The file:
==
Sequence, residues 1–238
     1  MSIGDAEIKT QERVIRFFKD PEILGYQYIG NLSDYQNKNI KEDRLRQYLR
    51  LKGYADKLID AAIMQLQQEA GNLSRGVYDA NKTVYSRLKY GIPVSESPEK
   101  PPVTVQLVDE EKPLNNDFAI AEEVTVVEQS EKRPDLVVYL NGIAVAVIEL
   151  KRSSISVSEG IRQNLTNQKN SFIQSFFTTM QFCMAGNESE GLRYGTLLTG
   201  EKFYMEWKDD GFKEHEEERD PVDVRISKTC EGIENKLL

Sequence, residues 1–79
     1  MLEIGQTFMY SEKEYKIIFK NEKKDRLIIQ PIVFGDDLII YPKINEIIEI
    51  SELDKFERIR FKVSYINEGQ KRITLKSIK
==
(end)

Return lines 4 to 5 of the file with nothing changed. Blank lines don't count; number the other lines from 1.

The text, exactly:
   101  PPVTVQLVDE EKPLNNDFAI AEEVTVVEQS EKRPDLVVYL NGIAVAVIEL
   151  KRSSISVSEG IRQNLTNQKN SFIQSFFTTM QFCMAGNESE GLRYGTLLTG